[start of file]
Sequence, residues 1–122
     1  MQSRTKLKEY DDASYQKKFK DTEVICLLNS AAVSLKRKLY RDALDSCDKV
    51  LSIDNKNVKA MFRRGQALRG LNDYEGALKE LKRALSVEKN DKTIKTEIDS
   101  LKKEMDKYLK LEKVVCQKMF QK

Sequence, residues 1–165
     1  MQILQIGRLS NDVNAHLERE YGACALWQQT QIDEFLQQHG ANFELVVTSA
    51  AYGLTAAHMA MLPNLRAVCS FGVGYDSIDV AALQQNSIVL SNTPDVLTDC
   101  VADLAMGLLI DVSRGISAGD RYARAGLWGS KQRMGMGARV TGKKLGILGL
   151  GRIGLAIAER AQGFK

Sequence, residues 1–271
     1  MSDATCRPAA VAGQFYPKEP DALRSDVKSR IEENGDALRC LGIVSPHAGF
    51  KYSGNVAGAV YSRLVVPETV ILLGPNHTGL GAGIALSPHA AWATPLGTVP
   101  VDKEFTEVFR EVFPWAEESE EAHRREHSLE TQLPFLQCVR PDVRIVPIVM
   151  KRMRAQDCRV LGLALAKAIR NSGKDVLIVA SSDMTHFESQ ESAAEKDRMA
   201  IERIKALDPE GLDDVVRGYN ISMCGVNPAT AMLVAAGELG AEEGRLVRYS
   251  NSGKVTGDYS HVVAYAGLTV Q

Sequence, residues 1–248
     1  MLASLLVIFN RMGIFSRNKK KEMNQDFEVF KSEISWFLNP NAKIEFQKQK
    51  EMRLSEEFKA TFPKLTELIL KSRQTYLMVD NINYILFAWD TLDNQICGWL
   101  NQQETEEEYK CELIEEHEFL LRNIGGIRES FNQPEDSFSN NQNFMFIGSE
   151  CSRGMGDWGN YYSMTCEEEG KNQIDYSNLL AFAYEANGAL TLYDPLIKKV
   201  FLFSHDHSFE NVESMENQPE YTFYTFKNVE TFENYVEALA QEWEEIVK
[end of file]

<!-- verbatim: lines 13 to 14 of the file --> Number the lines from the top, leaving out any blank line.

   101  VDKEFTEVFR EVFPWAEESE EAHRREHSLE TQLPFLQCVR PDVRIVPIVM
   151  KRMRAQDCRV LGLALAKAIR NSGKDVLIVA SSDMTHFESQ ESAAEKDRMA